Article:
In 2018, there was an accident on the mountain. Since then, the local authorities at the Toubkal Park established many more rigid security measures to make sure all climbers are safe. No one can begin their ascent of Mount Toubkal after 3 pm. Tents are not allowed, as you have to spend the night at an authorized place and be accompanied by a qualified local guide.

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Cathy Brown splits her time between travelling the globe writing for Lonely Planet and CNN, working with Indigenous rights in the Brazilian Amazon, and hanging out at home in her garden and hosting permaculture and medicinal plant retreats.

Travel

Ditch your Phone for ‘Dome Life’ in this Pastoral Paradise Outside Port Macquarie 

A responsible, sustainable travel choice for escaping big city life for a few days.

nature domes port macquarie
Photo: Nature Domes

The urge to get as far away as possible from the incessant noise and pressures of ‘big city life’ has witnessed increasingly more of us turn to off-grid adventures for our holidays: Booking.com polled travellers at the start of 2023 and 55% of us wanted to spend our holidays ‘off-grid’.  Achieving total disconnection from the unyielding demands of our digitised lives via some kind of off-grid nature time—soft or adventurous—is positioned not only as a holiday but, indeed, a necessity for our mental health. 

Tom’s Creek Nature Domes, an accommodation collection of geodesic domes dotted across a lush rural property in Greater Port Macquarie (a few hours’ drive from Sydney, NSW), offers a travel experience that is truly ‘off-grid’. In the figurative ‘wellness travel’ sense of the word, and literally, they run on their own independent power supply—bolstered by solar—and rely not on the town grid. 

Ten minutes before you arrive at the gates for a stay at Tom’s Creek Nature Domes, your phone goes into ‘SOS ONLY’. Apple Maps gives up, and you’re pushed out of your comfort zone, driving down unsealed roads in the dark, dodging dozens of dozing cows. Then, you must ditch your car altogether and hoist yourself into an open-air, all-terrain 4WD with gargantuan wheels. It’s great fun being driven through muddy gullies in this buggy; you feel like Laura Dern and Jeff Goldblum in Jurassic Park.  As your buggy pulls in front of your personal Nature Dome, it’s not far off that “Welcome…to Jurassic Park” jaw-dropping moment—your futuristic-looking home is completely engulfed by thriving native bushland; beyond the outdoor campfire lie expansive hills and valleys of green farmland, dotted with sheep and trees. You’re almost waiting to see a roaming brachiosaurus glide past, munching on a towering gum tree…instead, a few inquisitive llamas trot past your Dome to check out their new visitor.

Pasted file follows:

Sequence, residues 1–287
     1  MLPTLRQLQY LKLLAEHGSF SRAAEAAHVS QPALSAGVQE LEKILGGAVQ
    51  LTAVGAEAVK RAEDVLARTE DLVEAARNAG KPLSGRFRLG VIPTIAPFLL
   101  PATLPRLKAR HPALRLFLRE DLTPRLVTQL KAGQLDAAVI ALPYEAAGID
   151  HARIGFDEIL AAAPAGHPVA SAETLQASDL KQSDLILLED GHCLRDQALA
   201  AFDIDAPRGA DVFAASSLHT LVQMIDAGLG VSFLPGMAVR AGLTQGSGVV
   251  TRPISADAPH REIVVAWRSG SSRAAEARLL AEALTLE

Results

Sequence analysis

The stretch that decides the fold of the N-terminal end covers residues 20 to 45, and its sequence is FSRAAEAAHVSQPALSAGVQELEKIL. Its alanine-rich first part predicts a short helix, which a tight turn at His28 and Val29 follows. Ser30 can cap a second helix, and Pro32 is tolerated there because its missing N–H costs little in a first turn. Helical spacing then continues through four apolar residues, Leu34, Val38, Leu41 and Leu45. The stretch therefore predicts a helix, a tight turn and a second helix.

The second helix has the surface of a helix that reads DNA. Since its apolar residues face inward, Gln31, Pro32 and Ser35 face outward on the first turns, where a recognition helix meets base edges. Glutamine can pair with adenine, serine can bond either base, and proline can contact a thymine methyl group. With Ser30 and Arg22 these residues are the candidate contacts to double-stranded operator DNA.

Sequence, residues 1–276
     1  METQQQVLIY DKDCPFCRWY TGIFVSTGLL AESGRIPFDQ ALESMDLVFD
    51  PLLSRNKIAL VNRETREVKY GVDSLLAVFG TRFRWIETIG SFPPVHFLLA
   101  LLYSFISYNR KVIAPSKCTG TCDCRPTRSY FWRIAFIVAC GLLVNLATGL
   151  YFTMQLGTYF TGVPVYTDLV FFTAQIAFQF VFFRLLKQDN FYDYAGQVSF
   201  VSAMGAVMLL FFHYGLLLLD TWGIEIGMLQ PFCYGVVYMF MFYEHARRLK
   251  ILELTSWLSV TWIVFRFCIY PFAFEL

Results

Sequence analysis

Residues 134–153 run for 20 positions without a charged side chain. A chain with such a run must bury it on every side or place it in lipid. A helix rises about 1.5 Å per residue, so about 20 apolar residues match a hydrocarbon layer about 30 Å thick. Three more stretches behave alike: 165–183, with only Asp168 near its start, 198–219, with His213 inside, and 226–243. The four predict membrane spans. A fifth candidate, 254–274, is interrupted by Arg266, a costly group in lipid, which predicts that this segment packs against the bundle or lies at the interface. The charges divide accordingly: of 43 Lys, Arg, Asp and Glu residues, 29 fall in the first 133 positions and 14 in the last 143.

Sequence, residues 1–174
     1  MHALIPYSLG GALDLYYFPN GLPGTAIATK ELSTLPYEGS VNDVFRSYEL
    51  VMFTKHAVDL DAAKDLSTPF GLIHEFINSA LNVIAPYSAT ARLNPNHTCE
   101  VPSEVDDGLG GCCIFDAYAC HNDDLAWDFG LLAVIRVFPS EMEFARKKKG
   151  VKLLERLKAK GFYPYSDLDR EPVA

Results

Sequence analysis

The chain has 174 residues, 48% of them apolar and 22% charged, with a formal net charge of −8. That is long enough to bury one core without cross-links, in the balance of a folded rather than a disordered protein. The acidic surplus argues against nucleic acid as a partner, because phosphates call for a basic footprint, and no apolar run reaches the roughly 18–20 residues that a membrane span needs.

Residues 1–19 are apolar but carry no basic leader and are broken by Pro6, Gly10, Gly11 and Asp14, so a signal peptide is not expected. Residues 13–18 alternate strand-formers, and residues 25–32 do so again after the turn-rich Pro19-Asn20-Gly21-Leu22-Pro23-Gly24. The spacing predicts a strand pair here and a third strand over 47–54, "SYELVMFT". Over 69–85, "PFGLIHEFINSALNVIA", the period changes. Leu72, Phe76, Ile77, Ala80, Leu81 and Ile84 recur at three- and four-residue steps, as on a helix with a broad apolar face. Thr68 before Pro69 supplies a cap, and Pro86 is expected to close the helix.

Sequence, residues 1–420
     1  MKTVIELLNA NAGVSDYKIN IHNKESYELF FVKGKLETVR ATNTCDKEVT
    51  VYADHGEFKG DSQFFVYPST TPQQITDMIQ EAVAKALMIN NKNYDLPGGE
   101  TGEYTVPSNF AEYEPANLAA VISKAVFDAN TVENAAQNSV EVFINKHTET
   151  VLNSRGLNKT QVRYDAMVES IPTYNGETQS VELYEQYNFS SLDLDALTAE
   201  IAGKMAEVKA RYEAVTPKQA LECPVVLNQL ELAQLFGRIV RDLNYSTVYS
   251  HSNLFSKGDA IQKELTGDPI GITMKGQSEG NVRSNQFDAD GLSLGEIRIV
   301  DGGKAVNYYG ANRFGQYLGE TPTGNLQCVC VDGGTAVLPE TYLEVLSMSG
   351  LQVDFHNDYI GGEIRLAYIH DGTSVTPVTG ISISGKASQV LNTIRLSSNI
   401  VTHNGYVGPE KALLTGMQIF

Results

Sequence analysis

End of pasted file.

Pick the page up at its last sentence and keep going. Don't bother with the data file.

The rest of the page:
To fully capture the awe of inhabiting a geodesic dome for a few days, a little history of these futuristic-looking spherical structures helps. Consisting of interlocking triangular skeletal struts supported by (often transparent) light walls, geodesic domes were developed in the 20th century by American engineer and architect R. Buckminster Fuller, and were used for arenas. Smaller incarnations have evolved into a ‘future-proof’ form of modern housing: domes are able to withstand harsh elements due to the stability provided by the durable materials of their construction and their large surface area to volume ratio (which helps minimize wind impact and prevents the structure from collapsing). As housing, they’re also hugely energy efficient – their curved shape helps to conserve heat and reduce energy costs, making them less susceptible to temperature changes outside. The ample light let in by their panels further reduces the need for artificial power.